Echoes of other ‘post-apocalyptic’ works abound in the book. ‘The Road’ conjures up any number of recollections of its genre predecessors: a less well known one, perhaps, would be Stanley Kramer’s ‘On the Beach’ (1959), a Cold War gloomer in which Gregory Peck, Ava Gardner, Fred Astaire and Anthony Perkins deal with a world in which only Australia is left habitable. A submarine, submerged when the bombs went off, docks in a deserted New York, drawn by an erratic Morse code message the crew is picking up from somewhere in the city. After tense search scenes, the sailors burst into a room from where the message is being transmitted. With a mixture of regret and relief they find that the cord of a window blind, flapping by an open window, has become caught around a toppled Coca-Cola bottle and is bouncing it up and down on the key of a Morse device.
While certain inevitable associations will insinuate themselves, mostly from genre forms (with the exception of ‘Robinson Crusoe’), one of the remarkable things about the book is that its proximity to genre only serves to emphasise that it is not a genre work. Closest, in these terms, to science fiction, it describes, albeit speculatively, a horizon that was once a fictionalised place of titillating adventure and character-building survivalism and is now simply the future. I think it’s the only book I’ve read that made me, towards its dreadful conclusion, suddenly break down and weep.


Climate change deniers are like those kids back in the playground who were obedient, conventional yet routinely and obstinately confused provocation with being like their Dad. They disapproved of the various models of rebellion displayed by other kids, such as the hard case, the early smoker, the incipient gay or bohemian and, as they neared school leaving age had already begun assembling a wardrobe of corduroy, scarlet or mustard waistcoats, brogues and cravates (we’re talking the 50s here but every generation produces them). At university, having had heard about bons mots from their reading of the classics they would, prematurely quinquagenarian, foist feeble and unworldly attempts on their less demonstrative followers, who would bray. Some years down the line they would receive a few hundred pounds a pop for writing in newspapers what their Dad would have said about climate change.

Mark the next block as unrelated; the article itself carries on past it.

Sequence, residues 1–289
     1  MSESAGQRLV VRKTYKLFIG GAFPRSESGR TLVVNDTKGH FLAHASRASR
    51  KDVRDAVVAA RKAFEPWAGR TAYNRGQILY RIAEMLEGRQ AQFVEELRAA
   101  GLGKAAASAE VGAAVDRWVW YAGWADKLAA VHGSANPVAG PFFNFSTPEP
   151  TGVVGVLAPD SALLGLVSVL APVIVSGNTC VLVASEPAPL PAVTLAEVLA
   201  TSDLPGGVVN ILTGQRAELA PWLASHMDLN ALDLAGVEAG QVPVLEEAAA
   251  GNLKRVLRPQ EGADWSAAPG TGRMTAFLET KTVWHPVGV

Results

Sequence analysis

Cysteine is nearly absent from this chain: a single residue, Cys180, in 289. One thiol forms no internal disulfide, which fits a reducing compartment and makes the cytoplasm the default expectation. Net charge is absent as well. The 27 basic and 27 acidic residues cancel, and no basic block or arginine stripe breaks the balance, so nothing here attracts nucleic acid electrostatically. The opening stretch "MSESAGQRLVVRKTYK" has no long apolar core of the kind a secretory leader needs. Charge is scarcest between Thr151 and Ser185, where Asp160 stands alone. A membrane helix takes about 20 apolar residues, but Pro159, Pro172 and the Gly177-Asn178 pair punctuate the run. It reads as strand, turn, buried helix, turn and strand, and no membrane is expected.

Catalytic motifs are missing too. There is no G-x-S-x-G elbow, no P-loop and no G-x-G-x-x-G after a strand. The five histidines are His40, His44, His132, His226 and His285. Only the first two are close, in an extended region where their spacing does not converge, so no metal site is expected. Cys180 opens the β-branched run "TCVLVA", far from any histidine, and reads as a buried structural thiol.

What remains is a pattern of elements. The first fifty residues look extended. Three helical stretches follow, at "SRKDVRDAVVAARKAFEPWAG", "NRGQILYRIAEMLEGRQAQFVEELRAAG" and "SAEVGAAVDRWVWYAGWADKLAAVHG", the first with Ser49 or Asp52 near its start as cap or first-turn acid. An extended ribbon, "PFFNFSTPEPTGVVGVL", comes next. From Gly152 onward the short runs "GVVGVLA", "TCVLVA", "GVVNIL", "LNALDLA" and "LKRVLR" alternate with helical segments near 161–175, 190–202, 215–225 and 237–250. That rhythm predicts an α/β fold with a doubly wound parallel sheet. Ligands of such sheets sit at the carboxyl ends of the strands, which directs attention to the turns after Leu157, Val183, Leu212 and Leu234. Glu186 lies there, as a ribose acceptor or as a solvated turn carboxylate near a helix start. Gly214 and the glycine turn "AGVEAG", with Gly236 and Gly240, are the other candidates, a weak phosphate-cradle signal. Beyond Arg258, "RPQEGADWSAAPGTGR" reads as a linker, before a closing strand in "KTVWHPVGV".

The ‘debate’ has, mercifully, moved on in the last few months. The focus now is on identifying those countries whose emissions estimates are deeply flawed and whose reduction proposals are, therefore, devoid of realism.
After that will come the Bans. Nobody talks about them yet. The banning, for example, of driving, apart from essential services. The banning of international travel, apart from those journeys of international importance. The rationing of national travel. The electricity curfews – equivalent to war-time blackout regulations. The ‘lodger’ quotas, wherein households with spare rooms will be required to take in climate refugees. The rationing of foods and liquids whose scarcity can no longer be managed by mere astronomic price escalation.
Bit of a vote-loser. Sternness may have to be applied.
Bicycling will be allowed.